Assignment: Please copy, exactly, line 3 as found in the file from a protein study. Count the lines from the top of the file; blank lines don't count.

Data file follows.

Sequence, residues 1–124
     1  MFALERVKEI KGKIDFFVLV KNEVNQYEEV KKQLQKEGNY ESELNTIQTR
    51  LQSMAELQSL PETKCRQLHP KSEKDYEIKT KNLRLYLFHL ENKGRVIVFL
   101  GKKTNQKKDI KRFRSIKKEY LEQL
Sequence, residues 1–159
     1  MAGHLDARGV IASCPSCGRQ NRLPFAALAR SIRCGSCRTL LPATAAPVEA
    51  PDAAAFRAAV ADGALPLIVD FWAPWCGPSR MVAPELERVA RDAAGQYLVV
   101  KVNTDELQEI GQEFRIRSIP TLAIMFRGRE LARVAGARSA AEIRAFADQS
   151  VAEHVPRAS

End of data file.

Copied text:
    51  LQSMAELQSL PETKCRQLHP KSEKDYEIKT KNLRLYLFHL ENKGRVIVFL